A major disadvantage of the partial CPA, as well as the 1.5 VR, is elevation of the SVC pressure. Upon installation of the partial CPA, the SVC pressure is equal to the PAP. In the present study, when PVRI was set at 5.9 Wood units m2, the SVC pressure in the partial CPA model was elevated to 20.9 mmHg (Fig. 4e). This value was approximately twice as high as that in total CPA (9.1 mmHg). Such high SVC pressure may cause several complications such as significant pleural effusion [17] and SVC syndrome [18]. The SVC in the partial CPA may be loaded with the pressure from the assist device more directly than that from hypoplastic RV in the 1.5VR because the position and angle of the inflow to the PA are different between the partial CPA and the 1.5 VR. The partial CPA may cause SVC syndrome more easily than the 1.5 VR. Therefore, we need further investigations about the partial CPA including animal experiments.

A great difference between the SVC and the IVC pressures may promote the development of collaterals from the SVC to the IVC via the hemiazygos venous system and consequently increase venous return from the IVC. In 1.5 VR, increased venous return from the IVC may increase the RV preload, causing RV dysfunction. On the other hand, because the RV is replaced by a rotational pump in the partial CPA, the rotational frequency should be adjusted properly when these collaterals are patent.

Clinical implications

Extracorporeal membrane oxygen support (ECMO) has been the most common mechanical circulatory support in failing Fontan patients, but high mortality has been reported [19]. Recently, several successful cases of VAD implantation in patients with failing Fontan circulation have been reported. Morales et al. [20] reported a successful case of VAD implantation with the Heart Mate II in a 15-year-old Fontan patient with protein-losing enteropathy. Hoganson et al. [21] reported successful bridge-to-heart transplantation using a Berlin Heart VAD in a child. Niebler et al. [22] presented a successful case of using a HeartWare VAD as a bridge to transplantation. However, in these reports, VAD was used as systemic circulatory assist. There are few clinical reports on the use of CPA in failing Fontan patients. In the experimental settings, several papers have demonstrated the effectiveness of CPA in failing Fontan circulation. Giridharan et al. [23] reported that CPA improved failing Fontan circulation during diastolic dysfunction but preserved systolic function. Several researchers have recently tried to apply the Impella device (Abiomed Inc., MA, USA) to the failing Fontan circulation. Haggerty et al. [24] reported that a right-sided Impella device inserted from the IVC to the left PA restored hemodynamics of failing Fontan circulation in the experimental settings. However, this method has a demerit of a decreased contralateral (right) pulmonary flow. Furthermore, the Impella device may not be suitable for a destination therapy. Therefore, we need further investigations about the Impella device as well as the partial CPA.

Although CPA may potentially benefit patients with failing Fontan circulation, surgical invasions during implantation may limit the use of implantable CPA in the clinical settings. The present study demonstrates that a partial CPA from the IVC to the PA is theoretically able to maintain cardiac index against PVRI increase as efficiently as total CPA. The modification from total to partial CPA may reduce surgical invasion and expand the indication of implantable CPA in failing Fontan patients. In addition, although the partial CPA may cause SVC syndrome due to high SVC pressure, the partial CPA will reduce the IVC pressure more effectively than the total CPA. Therefore, the partial CPA may be beneficial for the Fontan patients suffering from protein-losing enteropathy or cirrhosis due to high IVC pressure.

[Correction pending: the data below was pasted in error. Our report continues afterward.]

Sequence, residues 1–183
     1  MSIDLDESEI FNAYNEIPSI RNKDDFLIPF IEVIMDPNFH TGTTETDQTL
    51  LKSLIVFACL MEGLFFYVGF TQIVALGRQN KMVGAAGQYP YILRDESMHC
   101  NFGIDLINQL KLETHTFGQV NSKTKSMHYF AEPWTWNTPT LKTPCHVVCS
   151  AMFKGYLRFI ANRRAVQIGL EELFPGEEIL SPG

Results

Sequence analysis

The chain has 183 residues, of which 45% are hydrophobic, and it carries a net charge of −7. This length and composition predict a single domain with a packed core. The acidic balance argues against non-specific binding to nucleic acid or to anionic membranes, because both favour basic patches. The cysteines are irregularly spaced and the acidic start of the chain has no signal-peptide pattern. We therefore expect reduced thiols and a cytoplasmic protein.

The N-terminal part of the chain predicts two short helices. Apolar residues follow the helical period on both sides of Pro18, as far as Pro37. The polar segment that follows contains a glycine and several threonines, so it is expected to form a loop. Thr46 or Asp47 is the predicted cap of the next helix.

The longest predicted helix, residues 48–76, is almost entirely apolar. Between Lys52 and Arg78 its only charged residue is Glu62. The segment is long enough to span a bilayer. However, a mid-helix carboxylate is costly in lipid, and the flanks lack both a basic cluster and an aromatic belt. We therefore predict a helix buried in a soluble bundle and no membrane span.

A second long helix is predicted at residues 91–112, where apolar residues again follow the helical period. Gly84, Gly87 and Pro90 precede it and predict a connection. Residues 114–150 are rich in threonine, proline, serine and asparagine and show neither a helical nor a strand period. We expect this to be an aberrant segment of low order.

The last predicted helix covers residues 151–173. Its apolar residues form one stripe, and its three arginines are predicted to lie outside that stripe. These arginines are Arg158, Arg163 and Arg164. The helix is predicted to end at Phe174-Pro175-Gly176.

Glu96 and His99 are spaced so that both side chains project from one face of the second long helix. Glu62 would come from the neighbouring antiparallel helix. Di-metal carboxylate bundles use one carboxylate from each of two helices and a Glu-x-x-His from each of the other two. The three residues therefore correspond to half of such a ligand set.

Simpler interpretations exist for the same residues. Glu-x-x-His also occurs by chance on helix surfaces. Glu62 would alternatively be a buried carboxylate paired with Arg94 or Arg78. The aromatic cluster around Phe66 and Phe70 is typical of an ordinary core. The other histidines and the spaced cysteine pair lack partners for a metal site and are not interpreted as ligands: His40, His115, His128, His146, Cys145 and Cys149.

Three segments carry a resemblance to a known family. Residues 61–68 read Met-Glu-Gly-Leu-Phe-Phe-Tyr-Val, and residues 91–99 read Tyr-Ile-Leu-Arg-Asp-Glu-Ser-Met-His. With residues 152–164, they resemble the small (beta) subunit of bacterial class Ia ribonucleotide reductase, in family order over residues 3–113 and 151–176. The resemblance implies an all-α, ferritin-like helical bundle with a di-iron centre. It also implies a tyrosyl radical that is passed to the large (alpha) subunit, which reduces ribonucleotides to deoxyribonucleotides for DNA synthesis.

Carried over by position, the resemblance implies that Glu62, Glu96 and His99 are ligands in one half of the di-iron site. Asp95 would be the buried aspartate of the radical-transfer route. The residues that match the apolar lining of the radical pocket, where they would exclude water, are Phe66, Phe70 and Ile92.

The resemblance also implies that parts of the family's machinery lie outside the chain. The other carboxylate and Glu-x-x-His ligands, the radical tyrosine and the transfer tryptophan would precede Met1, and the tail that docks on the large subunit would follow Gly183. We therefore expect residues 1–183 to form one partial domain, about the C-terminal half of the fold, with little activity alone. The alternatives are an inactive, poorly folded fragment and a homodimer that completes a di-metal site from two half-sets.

Limitations

This study has several methodological limitations. First, the parameters used in the present model were fixed except R a,p, stressed blood volume, and rotational frequency. A change in R a,p may affect other parameters such as C a,p in the real-world clinical setting. Further experimental and clinical information is necessary to include interactions among parameters in our simulation. Second, we used the parameters of an adult patient, not a pediatric patient. Because pediatric patients have large variations in baseline parameters, individualized simulation may be necessary for evaluating the effectiveness of partial CPA in pediatric Fontan patients.

Conclusions

In Fontan circulation, higher PVRI decreases cardiac index and increases the IVC pressure, although it requires larger stressed blood volume. A partial CPA from the IVC to the PA is able to maintain cardiac index without extra stressed blood volume, and reduce the IVC pressure. This mode of partial CPA may expand the indication of implantable CPA in failing Fontan patients.

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Correspondence to Shuji Shimizu.

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Shimizu, S., Kawada, T., Une, D. et al. Partial cavopulmonary assist from the inferior vena cava to the pulmonary artery improves hemodynamics in failing Fontan circulation: a theoretical analysis. J Physiol Sci 66, 249–255 (2016). https://doi.org/10.1007/s12576-015-0422-3

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Keywords

  • Fontan circulation
  • Assist device
  • Pulmonary vascular resistance
  • Cavopulmonary assist
  • Inferior vena cava
  • Computational model